Tribeca Therapy’s New Park Slope, Brooklyn Office Is The Next Step In Our Larger Plan
We recently announced the opening of our second office in Park Slope, Brooklyn. Park Slope has been my residence since I moved there after years in Tribeca where my connection to Lower Manhattan led me to open Tribeca Therapy in 2009.
In early 2020, I began offering therapy sessions for the first time from an office in my Brooklyn home in what we hoped would be the beginning of a second office for the practice. Little did any of us know that by mid-March with the COVID-19 quarantine that all of my sessions would be from that office (just not as anticipated). More than simply an association with the neighborhood as one of the two homes I’ve had in NYC, our new office in Park Slope, Brooklyn is an important piece of our larger plan as a growing group practice.
We’ve Built A Different Kind Of Group Practice
Anyone who has ever searched for a therapist (or watched television) is aware that most therapists are a solo operation. Group practices are rare and most often look like clinics with a reputation for serving poor and working-class patients in a more institutional setting. The expectation with group practices is that there is a good deal of staff turnover and the therapy is more cookie-cutter.
At Tribeca Therapy, we’ve built something different. We have therapists who have been with our team for 9 years and counting. Therapists work with us because they believe in the value of our work. They understand the practice of therapy as one of continual improvement and self-reflection. They also relish the opportunity to pass their skills along to more junior therapists and even interns. Our investment in our therapists has always been long-term and we offer our therapists what they could never get in a solo practice, which they, in turn, give to our patients.
Our Team Approach Means We Have More Expertise And Experience Than Any One Therapist
Beyond the chance to work with therapists who are invested in constant self-improvement is the synergy offered by a group practice when looking for help with different life challenges. Our team approach means we have broader expertise than any one therapist could have, with a depth of experience in relationships, sex, parenting, education, career advice, divorce, and on and on.
Because we are established, we also have a tremendous network of complementary professionals. If you need something even loosely related to mental health that is outside of our expertise, chances are we know and have an in with someone who does.
So How Does Our Brooklyn Office Fit In?: By Broadening Our Reach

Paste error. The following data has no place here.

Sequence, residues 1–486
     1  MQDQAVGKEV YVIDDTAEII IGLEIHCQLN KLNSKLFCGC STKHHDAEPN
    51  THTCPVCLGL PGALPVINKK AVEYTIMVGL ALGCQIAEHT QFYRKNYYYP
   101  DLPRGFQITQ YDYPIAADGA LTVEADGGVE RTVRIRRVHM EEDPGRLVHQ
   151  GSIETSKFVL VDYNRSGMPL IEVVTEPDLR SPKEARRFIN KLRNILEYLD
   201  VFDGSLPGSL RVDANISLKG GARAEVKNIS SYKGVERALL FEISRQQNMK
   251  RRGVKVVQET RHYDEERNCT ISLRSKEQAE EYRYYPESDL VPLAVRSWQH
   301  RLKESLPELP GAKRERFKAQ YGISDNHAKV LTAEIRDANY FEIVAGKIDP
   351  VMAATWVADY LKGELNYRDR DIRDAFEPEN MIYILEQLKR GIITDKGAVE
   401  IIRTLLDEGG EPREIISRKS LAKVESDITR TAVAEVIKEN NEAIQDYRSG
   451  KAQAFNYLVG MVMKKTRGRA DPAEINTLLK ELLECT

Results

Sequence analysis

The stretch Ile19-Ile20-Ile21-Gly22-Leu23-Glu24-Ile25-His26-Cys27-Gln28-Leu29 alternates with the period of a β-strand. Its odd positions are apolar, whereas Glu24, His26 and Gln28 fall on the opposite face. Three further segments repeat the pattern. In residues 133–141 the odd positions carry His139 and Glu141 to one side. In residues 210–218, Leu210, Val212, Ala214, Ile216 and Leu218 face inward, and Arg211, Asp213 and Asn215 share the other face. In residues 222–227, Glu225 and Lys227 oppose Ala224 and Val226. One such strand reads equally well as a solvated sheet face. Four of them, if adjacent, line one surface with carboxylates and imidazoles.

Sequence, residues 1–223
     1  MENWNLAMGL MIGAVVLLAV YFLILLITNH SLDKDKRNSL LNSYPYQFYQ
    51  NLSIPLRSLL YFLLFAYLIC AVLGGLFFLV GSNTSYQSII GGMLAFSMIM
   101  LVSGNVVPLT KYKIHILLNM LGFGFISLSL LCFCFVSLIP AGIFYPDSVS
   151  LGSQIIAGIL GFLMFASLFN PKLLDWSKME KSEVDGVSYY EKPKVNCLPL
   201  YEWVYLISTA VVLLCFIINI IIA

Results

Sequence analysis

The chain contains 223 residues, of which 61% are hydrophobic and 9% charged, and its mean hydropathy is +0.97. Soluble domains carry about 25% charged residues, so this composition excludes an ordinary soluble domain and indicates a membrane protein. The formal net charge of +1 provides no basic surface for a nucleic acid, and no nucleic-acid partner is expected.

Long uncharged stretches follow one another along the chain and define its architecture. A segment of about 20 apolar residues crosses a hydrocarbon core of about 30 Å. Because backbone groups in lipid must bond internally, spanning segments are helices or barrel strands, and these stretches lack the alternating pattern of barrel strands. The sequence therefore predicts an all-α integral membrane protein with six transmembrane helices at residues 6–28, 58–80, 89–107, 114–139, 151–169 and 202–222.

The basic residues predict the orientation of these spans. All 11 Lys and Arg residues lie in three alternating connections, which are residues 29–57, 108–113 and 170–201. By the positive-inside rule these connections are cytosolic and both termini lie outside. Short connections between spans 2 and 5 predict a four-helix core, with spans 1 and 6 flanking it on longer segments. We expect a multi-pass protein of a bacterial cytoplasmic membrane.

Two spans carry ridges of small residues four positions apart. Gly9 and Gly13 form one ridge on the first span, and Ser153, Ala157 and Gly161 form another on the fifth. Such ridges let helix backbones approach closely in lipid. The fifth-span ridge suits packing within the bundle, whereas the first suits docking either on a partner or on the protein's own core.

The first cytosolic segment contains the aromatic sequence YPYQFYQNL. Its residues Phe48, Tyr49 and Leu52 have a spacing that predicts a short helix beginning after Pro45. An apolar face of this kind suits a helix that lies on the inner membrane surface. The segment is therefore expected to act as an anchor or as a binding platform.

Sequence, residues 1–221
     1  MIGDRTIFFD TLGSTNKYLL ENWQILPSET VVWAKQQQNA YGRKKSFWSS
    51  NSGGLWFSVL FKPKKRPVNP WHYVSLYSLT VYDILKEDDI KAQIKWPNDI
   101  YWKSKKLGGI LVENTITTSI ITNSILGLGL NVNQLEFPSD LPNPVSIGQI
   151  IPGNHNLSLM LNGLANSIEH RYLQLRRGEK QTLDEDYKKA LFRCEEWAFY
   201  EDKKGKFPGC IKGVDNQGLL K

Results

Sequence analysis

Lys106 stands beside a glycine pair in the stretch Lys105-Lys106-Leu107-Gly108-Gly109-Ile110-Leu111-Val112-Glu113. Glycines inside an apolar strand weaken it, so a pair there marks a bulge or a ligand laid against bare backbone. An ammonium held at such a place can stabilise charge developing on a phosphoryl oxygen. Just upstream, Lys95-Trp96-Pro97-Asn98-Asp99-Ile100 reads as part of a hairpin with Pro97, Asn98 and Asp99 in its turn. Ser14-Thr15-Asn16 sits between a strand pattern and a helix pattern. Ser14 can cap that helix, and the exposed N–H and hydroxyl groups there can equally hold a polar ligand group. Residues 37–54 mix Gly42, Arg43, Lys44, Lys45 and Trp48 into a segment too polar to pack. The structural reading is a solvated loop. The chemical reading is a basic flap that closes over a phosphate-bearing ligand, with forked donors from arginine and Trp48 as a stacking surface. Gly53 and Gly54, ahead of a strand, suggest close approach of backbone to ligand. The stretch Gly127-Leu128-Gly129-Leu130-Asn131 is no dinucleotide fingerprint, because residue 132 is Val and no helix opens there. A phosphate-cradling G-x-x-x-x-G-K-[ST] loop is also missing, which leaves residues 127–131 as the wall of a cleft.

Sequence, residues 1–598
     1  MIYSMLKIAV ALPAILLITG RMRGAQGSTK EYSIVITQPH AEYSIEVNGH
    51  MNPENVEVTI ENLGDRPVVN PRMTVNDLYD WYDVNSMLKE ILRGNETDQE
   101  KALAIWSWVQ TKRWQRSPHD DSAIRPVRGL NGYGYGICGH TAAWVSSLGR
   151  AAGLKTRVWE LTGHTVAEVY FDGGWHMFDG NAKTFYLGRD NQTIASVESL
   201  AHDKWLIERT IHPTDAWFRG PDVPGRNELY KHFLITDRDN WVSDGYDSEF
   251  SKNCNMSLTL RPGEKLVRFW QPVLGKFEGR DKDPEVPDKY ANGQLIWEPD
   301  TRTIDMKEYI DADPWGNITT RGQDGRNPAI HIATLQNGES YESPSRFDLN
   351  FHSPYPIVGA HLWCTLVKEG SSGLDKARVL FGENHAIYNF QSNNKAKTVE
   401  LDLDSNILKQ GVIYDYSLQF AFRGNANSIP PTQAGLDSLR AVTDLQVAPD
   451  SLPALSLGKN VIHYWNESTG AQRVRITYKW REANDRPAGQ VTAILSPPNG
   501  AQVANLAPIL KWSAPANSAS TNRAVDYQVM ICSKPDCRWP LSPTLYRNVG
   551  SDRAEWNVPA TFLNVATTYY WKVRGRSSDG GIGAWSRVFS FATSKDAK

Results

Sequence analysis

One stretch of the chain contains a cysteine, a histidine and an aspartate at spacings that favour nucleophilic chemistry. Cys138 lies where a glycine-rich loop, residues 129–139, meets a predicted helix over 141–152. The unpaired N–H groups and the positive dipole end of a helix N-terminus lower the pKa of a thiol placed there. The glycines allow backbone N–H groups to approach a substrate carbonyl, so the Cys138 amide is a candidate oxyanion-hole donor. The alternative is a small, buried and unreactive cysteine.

A Brooklyn office not only gives us the opportunity to continue to grow our staff, but it’s a chance to reach a broader number of people and new kinds of people. Brooklyn isn’t necessarily more diverse than Lower Manhattan per se (plus we’ve worked with plenty of Brooklyn patients in our Tribeca offices). But it brings a different kind of diversity.
For instance, Park Slope is home to families and offers an opportunity for us to work with teens and our family therapy offerings. In Tribeca, we work with plenty of families, but the work is dominated by couples or single professionals who have prioritized different things than families who live in Park Slope.
Our Park Slope, Brooklyn Office Is Also Meaningful For Our Long-term Goal Of Expanding Accessibility
Park Slope is also a meaningful location in terms of our long-term plan to expand accessibility. We recognize that there are individuals and families in the neighborhood who are looking for top-quality therapy who can afford to pay for a very seasoned, high skilled therapist. There is also a need in Brooklyn more broadly for those who cannot.
We believe that the problem in access to mental health isn’t one that’s fundamentally about quantity. Mediocre therapists are fairly easy to educate and locate in communities that need them. Great therapy, however, is another story.
It’s hard to train great therapists. Great therapy isn’t merely an execution of a set of skills, but a process that requires mastery, one in which the primary tool is the therapist’s self as a living, breathing, complicated human. Our mission is not to increase the number of therapists in communities that need them, but to increase the quality of therapy, which is part of the work we hope to expand in our new Park Slope office.